Avoid the High Costs of Conforming
Everything that can go wrong for solar has gone wrong. And, if judging by the price declines of the top solar stocks is any indication, solar investors have sold out and moved on.
That's all why solar is actually looking more attractive than ever. Not because the industry's prospects for are great, but because they're so poor.
Remember, buying something that no one wants is the toughest move an investor will ever have to make. Yet, as contrarian investors know, when a stock is so hated that no one is willing to buy it, the risk is lowest and the potential reward is the greatest. Not all of them will work out, but with the highly attractive risk/reward dynamics, less than have of them have to work out to become a very successful investor.
John Maynard Keynes wrote:
Knowing that our individual judgment is worthless, we endeavor to fall back on the judgment of the rest of the world, which is perhaps better informed. That is, we endeavor to conform with the behavior of the majority or the average.Right now, we've found a stock that's absolutely despised. We're seeing a situation where nearly everything that could go wrong has gone wrong—share prices have declined significantly, and almost no one is willing to buy now.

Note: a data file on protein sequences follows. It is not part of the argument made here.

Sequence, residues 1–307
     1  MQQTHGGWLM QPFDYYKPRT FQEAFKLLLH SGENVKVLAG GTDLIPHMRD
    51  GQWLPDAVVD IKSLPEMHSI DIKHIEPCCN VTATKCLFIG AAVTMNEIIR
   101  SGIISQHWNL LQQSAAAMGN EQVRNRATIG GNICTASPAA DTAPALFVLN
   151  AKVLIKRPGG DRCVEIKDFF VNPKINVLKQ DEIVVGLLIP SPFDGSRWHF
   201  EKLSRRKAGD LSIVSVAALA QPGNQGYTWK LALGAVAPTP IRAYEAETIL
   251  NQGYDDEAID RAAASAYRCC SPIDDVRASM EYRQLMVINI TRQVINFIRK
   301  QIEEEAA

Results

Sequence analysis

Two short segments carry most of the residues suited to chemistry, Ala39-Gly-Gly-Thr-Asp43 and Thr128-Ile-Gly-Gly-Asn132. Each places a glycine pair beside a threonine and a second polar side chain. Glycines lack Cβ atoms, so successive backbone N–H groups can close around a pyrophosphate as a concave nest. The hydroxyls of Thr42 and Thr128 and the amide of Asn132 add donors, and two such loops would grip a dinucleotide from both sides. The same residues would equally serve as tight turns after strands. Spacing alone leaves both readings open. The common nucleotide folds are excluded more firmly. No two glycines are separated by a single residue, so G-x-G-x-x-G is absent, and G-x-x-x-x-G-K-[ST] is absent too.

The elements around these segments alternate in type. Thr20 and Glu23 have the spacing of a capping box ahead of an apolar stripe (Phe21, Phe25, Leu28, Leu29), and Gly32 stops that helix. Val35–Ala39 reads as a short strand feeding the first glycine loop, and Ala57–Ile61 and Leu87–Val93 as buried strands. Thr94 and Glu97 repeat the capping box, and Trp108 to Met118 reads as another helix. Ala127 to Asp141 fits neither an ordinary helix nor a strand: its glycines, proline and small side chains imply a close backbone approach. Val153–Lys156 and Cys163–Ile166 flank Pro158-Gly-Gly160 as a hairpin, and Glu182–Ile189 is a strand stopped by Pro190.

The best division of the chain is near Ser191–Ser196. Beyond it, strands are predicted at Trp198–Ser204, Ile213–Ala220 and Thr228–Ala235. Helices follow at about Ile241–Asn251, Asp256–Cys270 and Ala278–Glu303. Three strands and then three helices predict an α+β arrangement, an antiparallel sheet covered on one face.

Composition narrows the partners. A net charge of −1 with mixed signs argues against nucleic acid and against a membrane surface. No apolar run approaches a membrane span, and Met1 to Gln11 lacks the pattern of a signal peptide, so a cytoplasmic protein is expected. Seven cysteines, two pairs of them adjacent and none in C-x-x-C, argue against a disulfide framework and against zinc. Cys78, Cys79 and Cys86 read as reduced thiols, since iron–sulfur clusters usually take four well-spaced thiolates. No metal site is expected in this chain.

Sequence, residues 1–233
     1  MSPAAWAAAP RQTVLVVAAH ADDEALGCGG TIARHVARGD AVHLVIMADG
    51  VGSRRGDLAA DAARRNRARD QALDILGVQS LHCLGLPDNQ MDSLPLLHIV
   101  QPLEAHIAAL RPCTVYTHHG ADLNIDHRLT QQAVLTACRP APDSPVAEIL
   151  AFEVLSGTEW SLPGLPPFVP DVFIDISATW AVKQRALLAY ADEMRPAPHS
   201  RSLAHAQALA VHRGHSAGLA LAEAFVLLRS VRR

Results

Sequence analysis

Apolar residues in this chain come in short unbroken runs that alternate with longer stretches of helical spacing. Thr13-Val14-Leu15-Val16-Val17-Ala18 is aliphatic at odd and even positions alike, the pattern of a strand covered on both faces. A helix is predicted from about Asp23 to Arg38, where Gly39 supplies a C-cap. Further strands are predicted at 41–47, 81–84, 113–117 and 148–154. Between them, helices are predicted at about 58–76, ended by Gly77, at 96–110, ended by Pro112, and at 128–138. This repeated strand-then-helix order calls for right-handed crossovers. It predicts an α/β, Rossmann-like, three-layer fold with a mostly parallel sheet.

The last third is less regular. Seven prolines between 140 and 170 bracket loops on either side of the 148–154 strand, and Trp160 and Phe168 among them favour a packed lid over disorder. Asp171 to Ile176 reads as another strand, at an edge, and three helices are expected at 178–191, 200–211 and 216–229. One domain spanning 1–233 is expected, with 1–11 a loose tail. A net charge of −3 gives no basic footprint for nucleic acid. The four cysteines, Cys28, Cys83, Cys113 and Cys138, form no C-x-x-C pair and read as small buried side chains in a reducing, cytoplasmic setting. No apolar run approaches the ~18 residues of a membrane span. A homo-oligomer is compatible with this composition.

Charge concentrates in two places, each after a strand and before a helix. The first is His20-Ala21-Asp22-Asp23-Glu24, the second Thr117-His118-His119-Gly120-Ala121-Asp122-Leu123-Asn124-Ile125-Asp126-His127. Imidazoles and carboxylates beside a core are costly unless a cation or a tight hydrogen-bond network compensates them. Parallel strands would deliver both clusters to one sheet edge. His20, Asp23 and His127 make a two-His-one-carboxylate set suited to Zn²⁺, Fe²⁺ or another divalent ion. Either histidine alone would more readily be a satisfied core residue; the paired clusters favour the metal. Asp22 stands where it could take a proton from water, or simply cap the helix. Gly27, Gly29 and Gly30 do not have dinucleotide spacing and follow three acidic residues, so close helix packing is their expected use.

For contrarians who see that most everyone is conforming to the crowd and getting out of solar, it could be the right time to buy.
China is on the verge of becoming the world's largest energy consumer, energy prices are going higher over the long run, and solar could be in for another strong run. If so, solar would be the energy comeback story that no one is paying attention to right now. And in future editions of our free e-letter, the Prosperity Dispatch, where we constantly look for out-of-favor stocks, solar is definitely something we will be looking at to see how to take full advantage.
Chief Investment Strategist, Q1 Publishing